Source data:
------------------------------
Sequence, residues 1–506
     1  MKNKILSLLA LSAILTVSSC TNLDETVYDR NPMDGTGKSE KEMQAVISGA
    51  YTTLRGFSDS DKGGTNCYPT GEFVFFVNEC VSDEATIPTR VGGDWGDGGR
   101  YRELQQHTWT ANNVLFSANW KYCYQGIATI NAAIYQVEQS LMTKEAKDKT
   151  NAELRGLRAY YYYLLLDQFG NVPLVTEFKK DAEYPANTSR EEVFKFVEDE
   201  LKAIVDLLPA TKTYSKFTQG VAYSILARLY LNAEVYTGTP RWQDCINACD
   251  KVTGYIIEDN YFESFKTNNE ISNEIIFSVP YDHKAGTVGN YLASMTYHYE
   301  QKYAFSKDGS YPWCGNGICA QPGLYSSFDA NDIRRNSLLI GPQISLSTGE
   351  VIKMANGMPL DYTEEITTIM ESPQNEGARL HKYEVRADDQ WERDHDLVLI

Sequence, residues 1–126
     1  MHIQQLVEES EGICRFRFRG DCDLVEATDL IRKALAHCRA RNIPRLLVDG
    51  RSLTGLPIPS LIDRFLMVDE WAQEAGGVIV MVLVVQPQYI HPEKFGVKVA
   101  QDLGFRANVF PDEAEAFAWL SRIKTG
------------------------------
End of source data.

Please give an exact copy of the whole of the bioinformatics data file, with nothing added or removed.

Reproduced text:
Sequence, residues 1–506
     1  MKNKILSLLA LSAILTVSSC TNLDETVYDR NPMDGTGKSE KEMQAVISGA
    51  YTTLRGFSDS DKGGTNCYPT GEFVFFVNEC VSDEATIPTR VGGDWGDGGR
   101  YRELQQHTWT ANNVLFSANW KYCYQGIATI NAAIYQVEQS LMTKEAKDKT
   151  NAELRGLRAY YYYLLLDQFG NVPLVTEFKK DAEYPANTSR EEVFKFVEDE
   201  LKAIVDLLPA TKTYSKFTQG VAYSILARLY LNAEVYTGTP RWQDCINACD
   251  KVTGYIIEDN YFESFKTNNE ISNEIIFSVP YDHKAGTVGN YLASMTYHYE
   301  QKYAFSKDGS YPWCGNGICA QPGLYSSFDA NDIRRNSLLI GPQISLSTGE
   351  VIKMANGMPL DYTEEITTIM ESPQNEGARL HKYEVRADDQ WERDHDLVLI

Sequence, residues 1–126
     1  MHIQQLVEES EGICRFRFRG DCDLVEATDL IRKALAHCRA RNIPRLLVDG
    51  RSLTGLPIPS LIDRFLMVDE WAQEAGGVIV MVLVVQPQYI HPEKFGVKVA
   101  QDLGFRANVF PDEAEAFAWL SRIKTG